With the French Open now just days away, coach Paul Annacone has questioned whether Rafael Nadal’s busy schedule in the build-up to the event will leave him feeling flat and lethargic.
Annacone knows how to prepare players for grand slam success. He coached Pete Sampras between 1995 and 2002 and also worked with Roger Federer from 2010 until 2013.
When speaking about Nadal’s chances of claiming a 10th title at Roland Garros this year, Annacone was not convinced the Spaniard would be in the best physical condition to do so as a consequence of the volume of games he has played in recent weeks.
That might seem like an odd point to make given that Nadal has had a great time of it of late. Working backwards, he reached the quarter-finals in Rome, the semi-finals in Madrid, won in Barcelona and won in Monte Carlo.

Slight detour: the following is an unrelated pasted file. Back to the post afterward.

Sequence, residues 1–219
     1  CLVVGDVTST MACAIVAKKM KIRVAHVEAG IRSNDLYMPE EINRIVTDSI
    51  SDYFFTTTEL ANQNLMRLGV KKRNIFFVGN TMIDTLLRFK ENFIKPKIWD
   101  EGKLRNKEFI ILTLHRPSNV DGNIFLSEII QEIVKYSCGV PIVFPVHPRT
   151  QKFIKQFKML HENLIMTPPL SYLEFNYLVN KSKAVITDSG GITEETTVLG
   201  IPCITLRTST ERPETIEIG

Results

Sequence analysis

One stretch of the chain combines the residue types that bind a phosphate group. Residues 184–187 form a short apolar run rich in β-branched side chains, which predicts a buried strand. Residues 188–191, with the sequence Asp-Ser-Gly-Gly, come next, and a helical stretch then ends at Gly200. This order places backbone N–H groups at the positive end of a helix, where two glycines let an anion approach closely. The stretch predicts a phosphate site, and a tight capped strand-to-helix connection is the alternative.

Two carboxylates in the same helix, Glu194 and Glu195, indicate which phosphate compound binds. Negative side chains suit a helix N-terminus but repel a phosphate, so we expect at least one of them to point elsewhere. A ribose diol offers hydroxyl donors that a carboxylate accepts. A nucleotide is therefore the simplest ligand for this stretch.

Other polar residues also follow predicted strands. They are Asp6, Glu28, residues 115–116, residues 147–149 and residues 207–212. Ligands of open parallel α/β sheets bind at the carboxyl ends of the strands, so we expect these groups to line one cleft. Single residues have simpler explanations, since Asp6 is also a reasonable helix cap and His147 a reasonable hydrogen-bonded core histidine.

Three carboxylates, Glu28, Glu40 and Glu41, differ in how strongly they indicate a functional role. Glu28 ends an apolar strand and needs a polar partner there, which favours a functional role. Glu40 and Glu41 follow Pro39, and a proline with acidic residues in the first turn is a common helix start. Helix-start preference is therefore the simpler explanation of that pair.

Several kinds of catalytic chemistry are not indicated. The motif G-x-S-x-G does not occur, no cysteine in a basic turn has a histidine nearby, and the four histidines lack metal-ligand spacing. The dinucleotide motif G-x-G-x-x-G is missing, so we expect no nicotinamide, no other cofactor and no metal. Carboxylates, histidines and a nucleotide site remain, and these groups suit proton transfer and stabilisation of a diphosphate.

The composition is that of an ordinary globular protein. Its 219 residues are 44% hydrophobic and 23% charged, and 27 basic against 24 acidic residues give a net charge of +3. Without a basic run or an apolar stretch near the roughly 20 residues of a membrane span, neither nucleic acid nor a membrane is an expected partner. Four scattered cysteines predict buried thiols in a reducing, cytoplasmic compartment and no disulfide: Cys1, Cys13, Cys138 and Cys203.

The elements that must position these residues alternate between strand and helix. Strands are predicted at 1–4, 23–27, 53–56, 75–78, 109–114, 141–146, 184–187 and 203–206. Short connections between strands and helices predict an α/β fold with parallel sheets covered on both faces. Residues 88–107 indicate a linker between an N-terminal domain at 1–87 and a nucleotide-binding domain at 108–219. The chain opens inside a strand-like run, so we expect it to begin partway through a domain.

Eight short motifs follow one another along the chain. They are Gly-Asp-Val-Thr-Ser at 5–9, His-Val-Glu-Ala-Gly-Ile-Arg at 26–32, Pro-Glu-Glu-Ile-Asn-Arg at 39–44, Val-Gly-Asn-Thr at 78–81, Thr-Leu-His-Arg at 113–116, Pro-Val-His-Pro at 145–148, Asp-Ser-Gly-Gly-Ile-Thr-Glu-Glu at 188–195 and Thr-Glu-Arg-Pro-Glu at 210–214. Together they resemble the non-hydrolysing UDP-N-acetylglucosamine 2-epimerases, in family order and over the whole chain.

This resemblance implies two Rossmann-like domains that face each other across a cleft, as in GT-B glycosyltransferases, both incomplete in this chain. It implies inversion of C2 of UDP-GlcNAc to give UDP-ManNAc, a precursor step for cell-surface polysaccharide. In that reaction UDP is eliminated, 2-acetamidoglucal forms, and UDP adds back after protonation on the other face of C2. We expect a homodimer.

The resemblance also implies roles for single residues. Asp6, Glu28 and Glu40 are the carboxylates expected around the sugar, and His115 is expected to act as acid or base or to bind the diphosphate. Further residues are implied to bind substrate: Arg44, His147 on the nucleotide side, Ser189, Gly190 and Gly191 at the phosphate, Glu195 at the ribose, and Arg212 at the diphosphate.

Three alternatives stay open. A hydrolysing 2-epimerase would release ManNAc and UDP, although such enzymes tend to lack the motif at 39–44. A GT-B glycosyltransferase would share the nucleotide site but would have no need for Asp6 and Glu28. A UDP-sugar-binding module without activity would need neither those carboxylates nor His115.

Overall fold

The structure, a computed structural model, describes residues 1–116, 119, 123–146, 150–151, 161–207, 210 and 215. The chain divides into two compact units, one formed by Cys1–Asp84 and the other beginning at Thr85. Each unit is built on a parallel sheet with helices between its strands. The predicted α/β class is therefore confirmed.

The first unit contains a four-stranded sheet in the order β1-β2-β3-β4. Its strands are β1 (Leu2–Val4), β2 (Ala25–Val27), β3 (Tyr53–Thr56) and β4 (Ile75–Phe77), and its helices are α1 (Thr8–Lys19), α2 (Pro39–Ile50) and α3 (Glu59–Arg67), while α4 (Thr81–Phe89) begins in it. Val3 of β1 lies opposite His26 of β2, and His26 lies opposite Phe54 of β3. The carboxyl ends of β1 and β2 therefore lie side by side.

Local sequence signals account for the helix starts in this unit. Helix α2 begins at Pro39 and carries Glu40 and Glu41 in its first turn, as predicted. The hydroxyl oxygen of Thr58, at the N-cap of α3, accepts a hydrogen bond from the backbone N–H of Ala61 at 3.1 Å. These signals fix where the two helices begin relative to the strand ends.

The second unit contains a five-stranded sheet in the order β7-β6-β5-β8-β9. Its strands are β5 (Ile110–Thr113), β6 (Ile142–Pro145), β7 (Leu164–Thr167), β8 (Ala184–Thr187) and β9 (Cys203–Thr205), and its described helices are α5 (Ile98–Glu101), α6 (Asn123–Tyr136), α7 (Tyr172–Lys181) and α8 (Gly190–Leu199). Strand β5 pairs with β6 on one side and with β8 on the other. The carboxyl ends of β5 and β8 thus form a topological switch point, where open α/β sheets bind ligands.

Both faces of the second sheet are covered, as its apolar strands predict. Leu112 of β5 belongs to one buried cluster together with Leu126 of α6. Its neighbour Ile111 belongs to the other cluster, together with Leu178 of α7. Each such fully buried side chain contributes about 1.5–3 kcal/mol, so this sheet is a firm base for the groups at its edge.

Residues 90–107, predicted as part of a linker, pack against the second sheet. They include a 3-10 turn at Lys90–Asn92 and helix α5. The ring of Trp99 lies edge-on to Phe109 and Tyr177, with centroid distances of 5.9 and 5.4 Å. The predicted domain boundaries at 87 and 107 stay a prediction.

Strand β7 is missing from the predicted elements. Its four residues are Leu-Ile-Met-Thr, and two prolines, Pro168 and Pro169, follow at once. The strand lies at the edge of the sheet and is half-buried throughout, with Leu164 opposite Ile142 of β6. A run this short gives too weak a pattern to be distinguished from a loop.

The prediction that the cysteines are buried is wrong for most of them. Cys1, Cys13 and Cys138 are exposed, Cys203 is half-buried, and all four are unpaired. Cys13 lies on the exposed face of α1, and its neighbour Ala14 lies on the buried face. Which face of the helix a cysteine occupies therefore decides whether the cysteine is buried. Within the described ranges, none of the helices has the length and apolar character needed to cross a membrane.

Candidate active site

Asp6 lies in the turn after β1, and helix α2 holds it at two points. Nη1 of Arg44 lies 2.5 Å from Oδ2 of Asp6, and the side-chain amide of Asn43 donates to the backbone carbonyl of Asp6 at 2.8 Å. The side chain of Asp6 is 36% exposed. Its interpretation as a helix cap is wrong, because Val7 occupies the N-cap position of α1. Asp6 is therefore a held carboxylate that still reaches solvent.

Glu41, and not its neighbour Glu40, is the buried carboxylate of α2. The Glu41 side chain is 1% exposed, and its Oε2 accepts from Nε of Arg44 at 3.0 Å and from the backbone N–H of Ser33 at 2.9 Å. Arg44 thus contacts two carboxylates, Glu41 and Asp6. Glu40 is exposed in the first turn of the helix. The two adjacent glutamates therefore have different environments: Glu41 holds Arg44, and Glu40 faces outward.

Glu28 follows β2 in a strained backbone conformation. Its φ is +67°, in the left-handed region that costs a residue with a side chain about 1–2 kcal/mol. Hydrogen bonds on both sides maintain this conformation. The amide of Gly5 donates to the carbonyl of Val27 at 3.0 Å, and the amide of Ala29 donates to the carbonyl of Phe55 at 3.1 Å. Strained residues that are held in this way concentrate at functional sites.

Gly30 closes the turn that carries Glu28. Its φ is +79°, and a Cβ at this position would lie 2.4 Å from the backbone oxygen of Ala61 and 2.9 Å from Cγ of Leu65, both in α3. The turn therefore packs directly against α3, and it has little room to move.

However, Annacone believes that in an attempt to generate confidence, Nadal has been far too active, especially on a surface that is associated with long points and attritional matches.
Entrenando en casa… 😉
Practicing at home… 😉 pic.twitter.com/wrVugl2jMT
— Rafa Nadal (@RafaelNadal) May 16, 2016
“My big concern for Rafa is this: As you get older, it’s very difficult to sustain an unbelievably high level for a long time,” said Annacone.
“That’s how Rafa has always gained confidence, win Monte Carlo, Barcelona, Madrid and Rome. At 30, that’s hard not to take something out of the fuel tank.
“That’s why people like Sampras and Federer, who innately think they’re better than everybody, not arrogantly, but matter-of-factly, age better.
“It’s why those guys can play at a high level for longer than Rafa, and, say, [Ivan] Lendl, Thomas Muster. It’s not a criticism, but an observation.
“For Rafa, it’s a matter of sustaining confidence, but not playing too much that he depletes the reserve.”